Where being the advocate for your pet is our primary concern.
Finding the courage to
embrace truth and manage change
Veterinary Medicine has
one of the best public images of any profession. Now for the first in our
lifetime we face a difficult ethical challenge, that of revising our
vaccination recommendations. We say light-heartedly that half of everything
we learned in Vet School was wrong; we just don’t know which half. Although
most Veterinarians enjoy a challenge, it is always difficult to make a
transition from what we thought we knew and were comfortable with, to new
and less familiar ways of doing things. Most organizations like most people
tend to resist change.
A recent column about
change by Denise Thornby RN, President of the American Association of
Critical Care Nurses, can serve to inspire us, and remind us that we are not
the only ones to face the difficulty of change. The reality is that our
knowledge of medicine and our healthcare system will continue to evolve and
change. We must be open to challenging our thinking and perceptions so that
we can see the choices available to us, in order to progress to a better way
of helping our patients. If we are to achieve an improved outcome for our
patients, we have to acquire the information needed, go forward, and
occasionally step out of our comfort zone. We not only have the choice, we
have the responsibility, an obligation to our patients to provide the most up to date medicine
we humanly can.
Hopefully the choice is easy to take the high road, to
obtain and implement new knowledge. Thornby points out that Courage is the
power to let go of the familiar. Each of us has the power to change – to
change our perceptions, to change our understanding, and to change our
Managing change and
transition is not easy, even if the change is positive. Even if it means we
benefit financially. But what if it means we don’t benefit financially?
I am the first to admit
when faced with changing my vaccination recommendations I experienced the
same reservations, and yes, even fear and anger, just as many of you. “The
experts must have overlooked something,” I said. We all experience the same
fazes when faced with change. Then I got a grip on my anger and disbelief
and did some research. I found out the studies have been done, and although
nothing is ever completely without a little pocket of unknowns, enough is
known to warrant change. I was shocked to find that there are no studies
that show antibody titers wane with time for certain diseases. I was shocked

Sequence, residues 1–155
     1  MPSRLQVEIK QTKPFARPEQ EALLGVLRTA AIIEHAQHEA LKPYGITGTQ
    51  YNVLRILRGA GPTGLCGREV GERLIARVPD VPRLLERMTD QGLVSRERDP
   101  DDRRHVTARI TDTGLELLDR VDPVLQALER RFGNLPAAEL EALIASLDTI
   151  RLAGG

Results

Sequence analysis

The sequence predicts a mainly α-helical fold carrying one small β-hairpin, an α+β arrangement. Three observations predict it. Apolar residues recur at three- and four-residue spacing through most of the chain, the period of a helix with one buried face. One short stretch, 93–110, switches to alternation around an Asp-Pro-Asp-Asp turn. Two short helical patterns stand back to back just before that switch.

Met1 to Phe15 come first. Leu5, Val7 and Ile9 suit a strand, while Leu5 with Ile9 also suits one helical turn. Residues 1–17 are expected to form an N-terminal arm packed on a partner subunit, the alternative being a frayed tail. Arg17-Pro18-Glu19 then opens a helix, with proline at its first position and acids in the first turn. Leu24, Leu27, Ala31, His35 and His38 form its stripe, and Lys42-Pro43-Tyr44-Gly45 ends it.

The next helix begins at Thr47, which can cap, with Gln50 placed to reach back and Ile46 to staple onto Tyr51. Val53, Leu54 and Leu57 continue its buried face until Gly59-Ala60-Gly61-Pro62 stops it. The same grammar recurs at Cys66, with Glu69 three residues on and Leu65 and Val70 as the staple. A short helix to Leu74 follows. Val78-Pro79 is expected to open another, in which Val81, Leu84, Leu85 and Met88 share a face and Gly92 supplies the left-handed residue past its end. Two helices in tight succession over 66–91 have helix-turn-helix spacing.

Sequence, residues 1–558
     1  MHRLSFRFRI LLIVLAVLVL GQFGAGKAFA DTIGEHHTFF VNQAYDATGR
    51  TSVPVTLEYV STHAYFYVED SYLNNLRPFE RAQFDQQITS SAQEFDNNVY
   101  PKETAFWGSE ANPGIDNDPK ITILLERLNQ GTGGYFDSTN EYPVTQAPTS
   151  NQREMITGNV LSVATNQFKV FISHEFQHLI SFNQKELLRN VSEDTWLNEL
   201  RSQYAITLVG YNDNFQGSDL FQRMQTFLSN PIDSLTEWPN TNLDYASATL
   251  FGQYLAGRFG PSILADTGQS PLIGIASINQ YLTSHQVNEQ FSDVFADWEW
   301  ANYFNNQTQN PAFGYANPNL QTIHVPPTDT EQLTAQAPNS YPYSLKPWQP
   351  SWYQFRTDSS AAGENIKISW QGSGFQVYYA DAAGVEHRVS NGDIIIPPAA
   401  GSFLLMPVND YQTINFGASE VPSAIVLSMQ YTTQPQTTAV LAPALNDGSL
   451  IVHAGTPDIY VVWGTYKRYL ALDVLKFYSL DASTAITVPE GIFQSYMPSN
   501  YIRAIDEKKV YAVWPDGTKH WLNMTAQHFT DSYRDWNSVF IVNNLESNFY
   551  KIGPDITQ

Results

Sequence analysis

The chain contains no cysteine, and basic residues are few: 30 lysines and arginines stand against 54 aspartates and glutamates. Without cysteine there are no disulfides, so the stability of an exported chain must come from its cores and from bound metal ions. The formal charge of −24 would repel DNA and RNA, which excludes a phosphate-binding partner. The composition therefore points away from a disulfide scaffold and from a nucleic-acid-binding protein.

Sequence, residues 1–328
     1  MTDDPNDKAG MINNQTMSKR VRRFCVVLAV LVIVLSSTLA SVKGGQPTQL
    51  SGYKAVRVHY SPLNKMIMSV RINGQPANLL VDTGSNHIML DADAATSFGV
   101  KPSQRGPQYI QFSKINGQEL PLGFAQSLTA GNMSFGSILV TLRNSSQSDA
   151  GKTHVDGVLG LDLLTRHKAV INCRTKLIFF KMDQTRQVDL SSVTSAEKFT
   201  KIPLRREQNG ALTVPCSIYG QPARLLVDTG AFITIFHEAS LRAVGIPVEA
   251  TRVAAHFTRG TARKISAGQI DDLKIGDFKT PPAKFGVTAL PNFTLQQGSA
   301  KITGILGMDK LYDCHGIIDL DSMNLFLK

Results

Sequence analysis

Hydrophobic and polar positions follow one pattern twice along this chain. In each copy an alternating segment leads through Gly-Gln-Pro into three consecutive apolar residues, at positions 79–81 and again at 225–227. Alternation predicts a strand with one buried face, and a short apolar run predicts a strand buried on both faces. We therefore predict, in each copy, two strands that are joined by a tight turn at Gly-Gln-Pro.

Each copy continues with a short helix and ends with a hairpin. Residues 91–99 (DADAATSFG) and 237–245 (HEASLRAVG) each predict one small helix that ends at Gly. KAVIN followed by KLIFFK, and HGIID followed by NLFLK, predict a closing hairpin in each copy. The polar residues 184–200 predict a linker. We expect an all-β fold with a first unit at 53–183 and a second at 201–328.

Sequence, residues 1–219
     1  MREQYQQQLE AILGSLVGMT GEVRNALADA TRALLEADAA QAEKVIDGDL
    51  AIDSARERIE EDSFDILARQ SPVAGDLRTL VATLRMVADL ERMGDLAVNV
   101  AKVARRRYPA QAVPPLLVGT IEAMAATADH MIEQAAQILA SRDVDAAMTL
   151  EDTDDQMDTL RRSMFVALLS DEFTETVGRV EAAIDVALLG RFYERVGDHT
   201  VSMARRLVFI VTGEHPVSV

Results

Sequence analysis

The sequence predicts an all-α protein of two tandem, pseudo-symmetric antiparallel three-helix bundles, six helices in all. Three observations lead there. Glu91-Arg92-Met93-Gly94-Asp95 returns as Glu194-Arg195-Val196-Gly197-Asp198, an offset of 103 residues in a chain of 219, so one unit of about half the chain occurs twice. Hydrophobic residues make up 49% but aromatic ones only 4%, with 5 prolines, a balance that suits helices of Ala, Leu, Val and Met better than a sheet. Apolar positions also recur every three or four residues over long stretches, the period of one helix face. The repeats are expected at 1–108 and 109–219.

to find that no studies have been done to show that re-administration of MLV
vaccines like distemper and parvo actually “boost” the immune system. In
fact, studies show they have no effect.
Let’s try to learn from
some examples of how others have managed ethical challenges that necessitate
Edsel is a name that, to
my generation, is synonymous with failure. When I was twelve, if you wanted
to insult someone you might say, “ Your dad bought an Edsel. “ Fortunately
for me, my dad bought a Nash Rambler. Edsel’s failure wasn’t just because
the front grill of the Edsel looked like a horse collar. Every other car
that came off the assembly line was a Fairlane and every other car was an
Edsel. Workers were confused and made mistakes. In 1960 Ford did the ethical
thing. They responded to
the dismal performance of their product without explaining themselves, but
with an offer to buy back all Edsels as a trade in on any Ford product along
with a $300 discount.
Since that time I have
always been fascinated by how organizations and corporations handle
mistakes, embarrassments, and change.
In 1994, when it was
discovered that Pentium chips made a mathematical error in division once
every 27 thousand years, Andy Grove at Intel did not go into denial. He did
not say to his customers, you don’t need a new chip, this won’t affect you,
or our chips are not that bad. He replaced chips for anyone who wanted one,
and he fixed the problem with Intel’s future chips. Today there are new chip
manufacturers with chips that are probably just as good as Intel. Intel
still has its position and prestige intact. Many customers would prefer an
Intel chip because their integrity was tested and they stood behind their
product. Their response, instead of working against them, served to enforce
their truth, Intel makes good products and stands behind them.
Several things made
Intel different; #1 They were in a business that was used to change, #2
Their CEOs were not in a fortified palace where news of the real world had
to penetrate layers of people from the periphery. # 3 Andy Grove made a
decision to deal with the problem in an ethical and far sited manner,
regardless of the cost. When placed on the defensive they could turn on a
dime. They recognized that what had worked in the past would not work in the
In the Eighties many
Dentists had the idea that there was mercury in our old lead fillings. Even my high-school
friend and racquetball companion (a dentist) tried to tell me I needed all my fillings
removed and replaced. He probably believed that, although no scientific data
existed to support that recommendation. The American Dental Association said
this mercury theory was not true, but many Dentists persisted in this
practice. Finally government agencies had to intervene. Dentists have
survived this bump in the road along with many others.
Then there is the
Catholic Church with their problems with child molestation. They tried to cover up. They denied how